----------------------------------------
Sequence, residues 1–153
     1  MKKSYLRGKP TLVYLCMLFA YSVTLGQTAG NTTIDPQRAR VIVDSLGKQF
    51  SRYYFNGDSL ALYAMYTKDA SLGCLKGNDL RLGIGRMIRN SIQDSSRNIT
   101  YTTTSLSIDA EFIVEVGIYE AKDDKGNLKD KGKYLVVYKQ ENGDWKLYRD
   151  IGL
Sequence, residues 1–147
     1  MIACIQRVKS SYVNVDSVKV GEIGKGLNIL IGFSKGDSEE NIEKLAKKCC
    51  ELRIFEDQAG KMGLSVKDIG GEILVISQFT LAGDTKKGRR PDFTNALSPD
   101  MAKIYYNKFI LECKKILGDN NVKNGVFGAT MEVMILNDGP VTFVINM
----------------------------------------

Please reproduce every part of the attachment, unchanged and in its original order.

Sequence, residues 1–153
     1  MKKSYLRGKP TLVYLCMLFA YSVTLGQTAG NTTIDPQRAR VIVDSLGKQF
    51  SRYYFNGDSL ALYAMYTKDA SLGCLKGNDL RLGIGRMIRN SIQDSSRNIT
   101  YTTTSLSIDA EFIVEVGIYE AKDDKGNLKD KGKYLVVYKQ ENGDWKLYRD
   151  IGL
Sequence, residues 1–147
     1  MIACIQRVKS SYVNVDSVKV GEIGKGLNIL IGFSKGDSEE NIEKLAKKCC
    51  ELRIFEDQAG KMGLSVKDIG GEILVISQFT LAGDTKKGRR PDFTNALSPD
   101  MAKIYYNKFI LECKKILGDN NVKNGVFGAT MEVMILNDGP VTFVINM